PRIZE STORIES OF 1924
strange thing. Half-rising from her chair, she plucked him by the sleeve, and, drawing him back into his seat, began to talk to him rapidly and eagerly.
Finally he stepped to the flag-draped table. From his vest pocket he took a small velvet case, which he opened and placed upon the desk at his side. The Third Grade drew a deep breath. Over the edge of the little box they caught the flash of gold. There were excited whispers among which Ramon’s name was audible. Ramon, in the front row, tried to look unconscious and succeeded only in making his eyes blank and Indian-like, while his little chin quivered and his teeth chattered.
The Big Boss told them what an impressive occasion this had been, at which they beamed complacently; and what a remarkable teacher they had, at which they applauded uproariously; and how gratified he was to know that they were striving for such lofty ideals. And now it was his pleasant duty to bestow the medal which had been awarded to the pupil who had, throughout the year, shown himself most truly American. Would Ramon Sedillo step forward?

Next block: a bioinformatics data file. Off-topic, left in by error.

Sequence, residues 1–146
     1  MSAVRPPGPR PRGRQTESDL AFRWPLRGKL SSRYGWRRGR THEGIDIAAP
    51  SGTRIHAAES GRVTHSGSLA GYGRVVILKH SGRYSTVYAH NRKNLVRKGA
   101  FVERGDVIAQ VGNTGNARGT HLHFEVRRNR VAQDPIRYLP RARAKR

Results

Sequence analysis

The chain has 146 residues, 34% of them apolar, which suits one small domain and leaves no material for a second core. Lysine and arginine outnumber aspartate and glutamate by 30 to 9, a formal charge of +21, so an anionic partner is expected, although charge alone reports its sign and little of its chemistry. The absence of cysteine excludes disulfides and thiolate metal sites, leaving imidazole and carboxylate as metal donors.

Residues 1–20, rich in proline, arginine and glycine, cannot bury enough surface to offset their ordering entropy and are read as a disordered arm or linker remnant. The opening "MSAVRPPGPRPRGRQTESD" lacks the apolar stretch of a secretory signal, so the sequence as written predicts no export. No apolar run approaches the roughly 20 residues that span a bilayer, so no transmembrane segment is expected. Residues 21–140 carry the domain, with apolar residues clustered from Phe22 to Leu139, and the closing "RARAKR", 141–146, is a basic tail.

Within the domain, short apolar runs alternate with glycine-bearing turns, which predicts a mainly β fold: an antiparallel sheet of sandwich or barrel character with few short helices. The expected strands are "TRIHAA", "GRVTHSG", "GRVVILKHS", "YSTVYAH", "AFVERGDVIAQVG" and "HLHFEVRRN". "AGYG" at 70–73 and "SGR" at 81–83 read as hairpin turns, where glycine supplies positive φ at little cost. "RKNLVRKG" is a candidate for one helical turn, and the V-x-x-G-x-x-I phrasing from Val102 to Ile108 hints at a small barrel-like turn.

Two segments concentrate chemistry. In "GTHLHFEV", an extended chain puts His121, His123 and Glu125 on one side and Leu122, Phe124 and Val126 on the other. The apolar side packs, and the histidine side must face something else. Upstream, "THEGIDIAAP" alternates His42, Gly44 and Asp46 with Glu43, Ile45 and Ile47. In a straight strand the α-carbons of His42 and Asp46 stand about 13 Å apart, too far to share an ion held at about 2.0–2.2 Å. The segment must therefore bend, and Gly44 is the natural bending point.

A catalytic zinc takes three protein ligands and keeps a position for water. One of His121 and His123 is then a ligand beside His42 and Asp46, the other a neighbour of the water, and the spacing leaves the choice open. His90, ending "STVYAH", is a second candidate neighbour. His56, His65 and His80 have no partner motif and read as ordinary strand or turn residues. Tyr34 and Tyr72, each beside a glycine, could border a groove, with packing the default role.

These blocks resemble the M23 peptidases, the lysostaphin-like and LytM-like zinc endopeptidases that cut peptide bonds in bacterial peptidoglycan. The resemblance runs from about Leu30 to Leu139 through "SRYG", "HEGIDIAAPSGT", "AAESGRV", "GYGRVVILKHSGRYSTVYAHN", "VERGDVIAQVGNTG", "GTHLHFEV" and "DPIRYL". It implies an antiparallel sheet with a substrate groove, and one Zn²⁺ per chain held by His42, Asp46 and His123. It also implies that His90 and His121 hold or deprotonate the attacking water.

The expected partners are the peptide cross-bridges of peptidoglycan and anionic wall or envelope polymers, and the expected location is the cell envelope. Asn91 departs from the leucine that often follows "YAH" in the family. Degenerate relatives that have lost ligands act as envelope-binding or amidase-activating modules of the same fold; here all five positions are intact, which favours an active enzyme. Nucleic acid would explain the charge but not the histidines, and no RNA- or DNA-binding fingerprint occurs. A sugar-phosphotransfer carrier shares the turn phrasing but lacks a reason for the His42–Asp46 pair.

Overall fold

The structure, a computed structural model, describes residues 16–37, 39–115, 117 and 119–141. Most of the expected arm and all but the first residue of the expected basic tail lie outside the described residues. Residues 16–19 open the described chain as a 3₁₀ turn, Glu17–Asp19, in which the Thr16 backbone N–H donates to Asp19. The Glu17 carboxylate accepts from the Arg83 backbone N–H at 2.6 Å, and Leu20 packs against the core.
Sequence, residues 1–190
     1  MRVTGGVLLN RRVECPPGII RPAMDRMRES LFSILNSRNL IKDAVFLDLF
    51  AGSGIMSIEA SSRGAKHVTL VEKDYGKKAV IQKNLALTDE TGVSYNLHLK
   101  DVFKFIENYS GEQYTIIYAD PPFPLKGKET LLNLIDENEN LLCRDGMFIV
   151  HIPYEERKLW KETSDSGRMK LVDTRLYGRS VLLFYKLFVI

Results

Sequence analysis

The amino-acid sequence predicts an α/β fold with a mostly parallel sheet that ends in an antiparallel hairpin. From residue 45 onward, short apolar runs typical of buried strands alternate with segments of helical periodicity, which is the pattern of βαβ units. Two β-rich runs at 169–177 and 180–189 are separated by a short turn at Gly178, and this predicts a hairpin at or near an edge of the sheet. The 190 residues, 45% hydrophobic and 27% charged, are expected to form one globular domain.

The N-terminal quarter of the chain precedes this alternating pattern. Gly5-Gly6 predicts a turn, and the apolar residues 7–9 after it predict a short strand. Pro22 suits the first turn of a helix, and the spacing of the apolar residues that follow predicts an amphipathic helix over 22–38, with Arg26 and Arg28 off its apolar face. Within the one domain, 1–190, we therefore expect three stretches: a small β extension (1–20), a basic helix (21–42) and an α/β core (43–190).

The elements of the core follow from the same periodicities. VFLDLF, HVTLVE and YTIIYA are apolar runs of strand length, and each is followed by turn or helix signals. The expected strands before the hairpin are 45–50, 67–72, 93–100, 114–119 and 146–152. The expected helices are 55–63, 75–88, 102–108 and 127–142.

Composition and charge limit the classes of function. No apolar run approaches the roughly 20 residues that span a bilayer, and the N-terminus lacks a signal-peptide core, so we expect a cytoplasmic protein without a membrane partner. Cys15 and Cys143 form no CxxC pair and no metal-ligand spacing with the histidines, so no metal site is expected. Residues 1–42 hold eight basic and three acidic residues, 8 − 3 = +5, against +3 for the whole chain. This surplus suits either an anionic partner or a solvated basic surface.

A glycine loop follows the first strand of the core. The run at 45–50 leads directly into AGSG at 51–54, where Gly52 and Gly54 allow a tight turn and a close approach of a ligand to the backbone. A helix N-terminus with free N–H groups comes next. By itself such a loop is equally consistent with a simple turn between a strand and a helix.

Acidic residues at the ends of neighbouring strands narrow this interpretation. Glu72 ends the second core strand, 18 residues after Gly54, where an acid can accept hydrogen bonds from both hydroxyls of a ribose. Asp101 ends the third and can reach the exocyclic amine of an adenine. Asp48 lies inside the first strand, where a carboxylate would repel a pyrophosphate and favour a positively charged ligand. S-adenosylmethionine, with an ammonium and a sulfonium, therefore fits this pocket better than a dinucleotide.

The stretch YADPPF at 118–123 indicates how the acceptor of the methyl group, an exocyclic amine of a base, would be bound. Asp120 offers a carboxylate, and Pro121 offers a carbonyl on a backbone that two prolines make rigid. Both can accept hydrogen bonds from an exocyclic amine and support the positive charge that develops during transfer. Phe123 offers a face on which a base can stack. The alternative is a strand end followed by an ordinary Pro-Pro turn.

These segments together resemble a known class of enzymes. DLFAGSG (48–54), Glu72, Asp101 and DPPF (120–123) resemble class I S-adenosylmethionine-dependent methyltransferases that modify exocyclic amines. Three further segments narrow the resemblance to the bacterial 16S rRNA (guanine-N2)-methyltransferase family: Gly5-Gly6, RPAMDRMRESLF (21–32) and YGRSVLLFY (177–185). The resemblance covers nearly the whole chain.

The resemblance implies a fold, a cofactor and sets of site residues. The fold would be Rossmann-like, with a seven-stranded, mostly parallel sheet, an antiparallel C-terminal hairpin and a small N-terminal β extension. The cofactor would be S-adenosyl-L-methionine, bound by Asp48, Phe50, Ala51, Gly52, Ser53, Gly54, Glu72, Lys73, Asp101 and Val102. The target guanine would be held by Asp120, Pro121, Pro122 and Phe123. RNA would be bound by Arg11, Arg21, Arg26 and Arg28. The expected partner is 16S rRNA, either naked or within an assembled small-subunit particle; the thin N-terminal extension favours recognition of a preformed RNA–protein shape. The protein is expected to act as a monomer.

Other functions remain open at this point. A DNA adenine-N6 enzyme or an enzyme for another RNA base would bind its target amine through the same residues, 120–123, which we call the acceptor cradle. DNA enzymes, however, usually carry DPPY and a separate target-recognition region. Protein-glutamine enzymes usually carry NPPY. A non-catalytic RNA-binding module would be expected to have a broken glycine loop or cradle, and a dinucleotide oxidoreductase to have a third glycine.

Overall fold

Ramon Sedillo did. Perhaps it would be more truthful to say that Ramon Sedillo swaggered forward, but we must remember that it is not every day that a small Mexican boy receives from the Big Boss a medal for true Americanism. When Ramon retired after the ceremony, rosy and smiling, he was followed by the happy applause of his proud classmates.
Then something not provided for in the programme happened. The Big Boss unfastened from his pocket a heavy gold watchfob on a rich black ribbon. As he placed this, also, on the table beside him, he winked solemnly at Ticher. For a moment he did not seem to know what to say. His face worked and became very red. The Third Grade watched in polite concern; Miss Lipscomb, in open alarm. Finally he began to talk.
Because of something unforeseen that had happened that afternoon, he told them, it had been decided to bestow another prize for—for—well, in short, for distinguished service in the cause of Americanism. All year, he reminded them, Miss Lipscomb had held before them the idea that true Americans, to avoid spreading disease germs among their innocent